Infections and Infestations



What is Polio?

Polio is a contagious viral infection caused by the polio virus. The most severe form of the disease includes paralysis and even death but this is uncommon. The virus usually spreads via the feco-oral route. There are three varieties of paralytic polio namely spinal, bulbar and bulbospinal depending upon the site of involvement of the central nervous system.

What are warts?

Warts are small growths caused by a viral infection with human papilloma virus (HPV). There are more than 100 varieties of HPV that are responsible for warts. Children are commonly affected with warts and usually the warts appear between 12 and 16 years. About 30% of the warts disappear spontaneously but after complete disappearance there may be a chance of reappearance of the warts.


Scarlet Fever

What is scarlet fever?

Scarlet fever is type of infectious disease that most commonly affects young children between the age group of 4 and 8 years. This disease arises in some following throat infection by the bacteria Streptococcus and is characterized by appearance of typical rash covering almost whole of the body, high fever and pain in the throat (sore throat).

About Syphilis

Syphilis is a sexually transmitted disease that occurs as a result of an infection with Treponema pallidum. Although it is usually transmitted via sexual contact, babies can contract the disease during birth from infected mothers. The symptoms of the disease depend upon the stage of the infection.



What is tularemia?

Tularemia is an infectious disease, occurs due to infection by the bacteria Francisella tularensis. The most commonly affected organs are the skin, eyes, lungs and lymph nodes but rarely internal organs may also be affected. Tularemia may lead to number of complications like inflammatory changes in the protective covering of the brain, the meninges (meningitis), lung tissue (pneumonia), protective covering of the heart, pericardium (pericarditis) and infection of the bone (osteomyelitis). The disease spread from mammals, birds, fish and contact with infected soil, water or dead animals.

What is rabies?

Rabies is a viral disease where the infecting rabies virus is transmitted to humans through bite of infected dogs. However, in the United States, the infection may spread by other animals like coyotes, raccoons, bat and skunks. The disease is almost always fatal after the appearance of symptoms.



What is Malaria?

Malaria is an infectious disease characterized by repeated attacks of high fever with chills. The disease occurs due to infection by the Plasmodium parasite, which enters the body through biting of female Anopheles mosquito carrying the parasite. Malaria most commonly occurs in the tropical countries. Out of the five Plasmodium species of parasites, P.falciparum and P.vivax are responsible for most cases of malaria. Treatment options depend on the species of the infecting Plasmodium parasite, the severity of symptoms and age of the infected person.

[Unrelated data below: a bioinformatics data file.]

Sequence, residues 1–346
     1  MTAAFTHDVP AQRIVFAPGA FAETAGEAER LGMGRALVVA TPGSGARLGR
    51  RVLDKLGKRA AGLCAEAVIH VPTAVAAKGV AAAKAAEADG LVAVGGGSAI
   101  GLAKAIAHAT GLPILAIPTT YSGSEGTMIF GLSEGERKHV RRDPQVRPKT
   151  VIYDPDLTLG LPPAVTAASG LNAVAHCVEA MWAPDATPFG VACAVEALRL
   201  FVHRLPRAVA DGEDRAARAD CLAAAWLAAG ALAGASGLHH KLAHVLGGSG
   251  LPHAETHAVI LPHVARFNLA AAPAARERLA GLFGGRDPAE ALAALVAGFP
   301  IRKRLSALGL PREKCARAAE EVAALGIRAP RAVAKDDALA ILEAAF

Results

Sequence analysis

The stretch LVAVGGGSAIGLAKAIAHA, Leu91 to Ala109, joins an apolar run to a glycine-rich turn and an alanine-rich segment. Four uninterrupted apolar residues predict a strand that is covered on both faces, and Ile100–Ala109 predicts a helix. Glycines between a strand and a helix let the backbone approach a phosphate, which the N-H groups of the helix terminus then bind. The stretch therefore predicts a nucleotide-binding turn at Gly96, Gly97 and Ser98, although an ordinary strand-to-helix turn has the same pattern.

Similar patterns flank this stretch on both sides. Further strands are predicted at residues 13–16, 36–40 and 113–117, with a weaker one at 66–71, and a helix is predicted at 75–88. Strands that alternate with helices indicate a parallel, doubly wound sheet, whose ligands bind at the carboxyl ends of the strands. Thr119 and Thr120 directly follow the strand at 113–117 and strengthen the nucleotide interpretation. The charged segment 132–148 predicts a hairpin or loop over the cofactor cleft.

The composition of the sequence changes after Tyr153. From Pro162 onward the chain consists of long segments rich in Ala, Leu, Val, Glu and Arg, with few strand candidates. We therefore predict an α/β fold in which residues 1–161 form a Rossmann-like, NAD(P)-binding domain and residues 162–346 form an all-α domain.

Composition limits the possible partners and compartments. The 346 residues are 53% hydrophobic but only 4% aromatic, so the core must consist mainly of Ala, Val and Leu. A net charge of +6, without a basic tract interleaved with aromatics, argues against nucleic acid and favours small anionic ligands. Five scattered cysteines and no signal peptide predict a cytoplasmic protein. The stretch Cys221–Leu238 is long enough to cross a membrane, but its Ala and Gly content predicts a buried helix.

What is jaw osteomyelitis?

Osteomyelitis is an inflammatory condition of bone that begins from an infection within the bone cavity. The infection is generally bacterial in origin and is most commonly caused by Staphylococcus aureus. Osteomyelitis can affect any bone in the body but has a predilection towards long bones and the jaw bones. Osteomyelitis affecting jaws is generally associated with dental complications. It was once a very serious disease with life threatening complication but these days it can be adequately treated with prompt medical intervention.

What is cholera?

Cholera is the bacterial infection of small bowel caused by Vibrio cholerae. Patients with cholera typically complain of excessive watery and frequent stool, often described as explosive diarrhea. Cholera occurs as a result of consuming water or food contaminated with the fecal material of cholera-infected person. Treatment is essential because if left untreated cholera patients may be life threatening due to dehydration. Oral rehydration solution is the mainstay of treatment along with antibiotics. In some serious cases intravenous fluid replacement may be necessary.

What is cellulitis?

Cellulitis is a condition of localized or diffuse skin infection by bacteria that extends into the deeper layers under the skin (subcutaneous tissue). The most common sites of infection include skin of the lower leg and face, although cellulitis can affect any parts of the body. Usually a break in the skin, even a minor abrasion, provides entry of infective bacteria into the body and deeper layers of tissue. Cellulitis can be effectively treated with antibiotics but if left untreated it can lead to life threatening complications like sepsis, shock and gangrene.